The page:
It’s Getting Deep! Learn Tree Well Safety And Extrication

March 2020 Feature Backcountry Access

We are well into winter season and snow totals are piling up. With two recent tree well fatalities in Canada and one tree well fatality in the United States in 2020, it feels like an appropriate time to review tree well and deep-snow safety.

While staying safe in avalanche terrain is constantly on the mind of backcountry travelers, tree wells and snow immersion suffocation (SIS) is a component of snow safety that is often overlooked. It turns out that 20 percent of fatalities in public ski areas are due to deep snow immersion. That said, these incidents are preventable, and with some practice, removing a victim from a tree well can be a swift and efficient process.

What Is A Tree Well?

Tree wells are deep pockets of loose snow found near the base of evergreen trees. Skiers, snowboarders, and snowmobilers who fall into the wells can often die from suffocation or asphyxiation if help doesn’t come quickly.

Read on to learn tree well safety and best practices from the experts at DeepSnowSafety.org, the College of the Rockies at Fernie and Canadian Mountain Holidays.

Here are some tips for managing tree wells and other SIS accidents. 

  1. Have the proper equipment. When skiing in deep snow, carry a shovel and make sure that it’s accessible. A recent study conducted by the College of the Rockies and Canadian Mountain Holidays found that using a shovel with a hoe mode feature (like the RS EXT or the D-2 EXT) is the most effective way to clear snow when rescuing a victim from a tree well.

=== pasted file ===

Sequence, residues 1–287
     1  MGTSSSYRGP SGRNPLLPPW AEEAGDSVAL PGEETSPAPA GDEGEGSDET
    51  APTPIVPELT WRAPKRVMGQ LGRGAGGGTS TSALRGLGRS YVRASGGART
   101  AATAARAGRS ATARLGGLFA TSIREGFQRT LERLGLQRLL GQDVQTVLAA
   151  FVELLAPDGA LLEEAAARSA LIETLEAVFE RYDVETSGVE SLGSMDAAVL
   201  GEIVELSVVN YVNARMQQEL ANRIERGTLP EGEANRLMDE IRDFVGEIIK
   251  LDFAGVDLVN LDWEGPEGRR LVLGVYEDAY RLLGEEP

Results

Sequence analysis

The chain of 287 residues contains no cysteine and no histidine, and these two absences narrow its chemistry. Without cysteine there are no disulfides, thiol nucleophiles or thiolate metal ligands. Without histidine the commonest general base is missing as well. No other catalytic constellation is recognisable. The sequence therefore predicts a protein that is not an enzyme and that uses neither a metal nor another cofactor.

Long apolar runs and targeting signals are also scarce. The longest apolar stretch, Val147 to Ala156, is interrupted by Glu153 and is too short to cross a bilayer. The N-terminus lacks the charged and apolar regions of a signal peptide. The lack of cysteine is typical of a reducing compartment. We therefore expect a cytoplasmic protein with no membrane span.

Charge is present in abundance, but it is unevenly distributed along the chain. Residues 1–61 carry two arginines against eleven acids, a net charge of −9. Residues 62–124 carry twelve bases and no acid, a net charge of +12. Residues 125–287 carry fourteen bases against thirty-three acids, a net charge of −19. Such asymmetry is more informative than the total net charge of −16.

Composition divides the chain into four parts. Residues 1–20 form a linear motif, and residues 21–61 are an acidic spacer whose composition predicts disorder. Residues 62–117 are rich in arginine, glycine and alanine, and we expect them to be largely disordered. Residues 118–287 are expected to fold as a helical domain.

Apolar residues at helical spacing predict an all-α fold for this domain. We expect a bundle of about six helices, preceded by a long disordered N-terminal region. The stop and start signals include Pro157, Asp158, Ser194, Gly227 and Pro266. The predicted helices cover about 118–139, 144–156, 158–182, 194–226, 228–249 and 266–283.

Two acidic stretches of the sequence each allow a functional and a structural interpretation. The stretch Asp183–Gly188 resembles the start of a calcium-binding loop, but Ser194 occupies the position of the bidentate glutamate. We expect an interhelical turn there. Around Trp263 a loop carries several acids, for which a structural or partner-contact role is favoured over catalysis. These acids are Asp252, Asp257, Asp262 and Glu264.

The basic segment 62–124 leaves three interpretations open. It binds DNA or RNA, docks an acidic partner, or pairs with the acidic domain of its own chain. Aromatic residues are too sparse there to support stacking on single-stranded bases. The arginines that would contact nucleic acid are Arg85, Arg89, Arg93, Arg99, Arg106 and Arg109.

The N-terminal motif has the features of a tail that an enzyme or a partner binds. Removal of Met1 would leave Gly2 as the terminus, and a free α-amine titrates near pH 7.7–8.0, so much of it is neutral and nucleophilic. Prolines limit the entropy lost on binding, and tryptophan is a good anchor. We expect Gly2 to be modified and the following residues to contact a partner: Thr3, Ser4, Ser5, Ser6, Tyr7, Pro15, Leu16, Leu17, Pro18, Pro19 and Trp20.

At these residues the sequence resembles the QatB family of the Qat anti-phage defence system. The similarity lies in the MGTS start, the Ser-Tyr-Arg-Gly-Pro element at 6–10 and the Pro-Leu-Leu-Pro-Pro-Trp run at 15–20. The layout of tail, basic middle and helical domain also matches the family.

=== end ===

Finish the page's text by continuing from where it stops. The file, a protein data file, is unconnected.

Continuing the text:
2. Ride with a partner. Keeping a partner within visual and verbal distance can be the difference between languishing in a tree well and a speedy rescue. If your partner falls in a tree well, don’t leave to find help. If needed, call for patrol or search-and-rescue, but start digging immediately. Two-way radios like the BC Link are crucial in communicating with friends that are out of your sight, including potential tree well victims.
  3. Give large trees a wide berth. Large trees with wide, low-hanging branches can fully engulf a person who is more than six feet tall. Give these large trees distance when skiing and riding in deep snow.
  4. Stay Calm. If you’ve fallen in a tree well, staying calm will slow your breathing and prevent any more snow from falling on top of you.
  5. Use the T-rescue shoveling method for tree well rescue.
  • Start digging a platform just below the victim.
  • A minimum of three rescuers works best.
  • Two rescuers focus on digging “pulling platforms” (1-meter square platforms at the lip of the tree well on each side of the victim).
  • Unless the victim is clearly being held up by their skis or snowboard, the equipment should be removed and set aside as quickly as possible so as not to impede the shoveling process.
  • The third rescuer digs a “receiving platform” between the two pulling platforms.
  • Dig until the receiving platform is level, wide enough for rescuers to attend to the victim once pulled out, and reaches just below the victim’s waist.
  • If the victim is upside-down, pull on the hem of the jacket instead of the pants or belt.

Improving Best Practices For Tree Well Risk And Incidents

Research collaboration between Mountain Adventure Skills Training (MAST) program, the College of the Rockies – Fernie Campus, and Canadian Mountain Holidays (CMH) has resulted in the creation of an informative white paper on tree well rescue best practices. To continue reading about tree well and deep snow immersion, click here.

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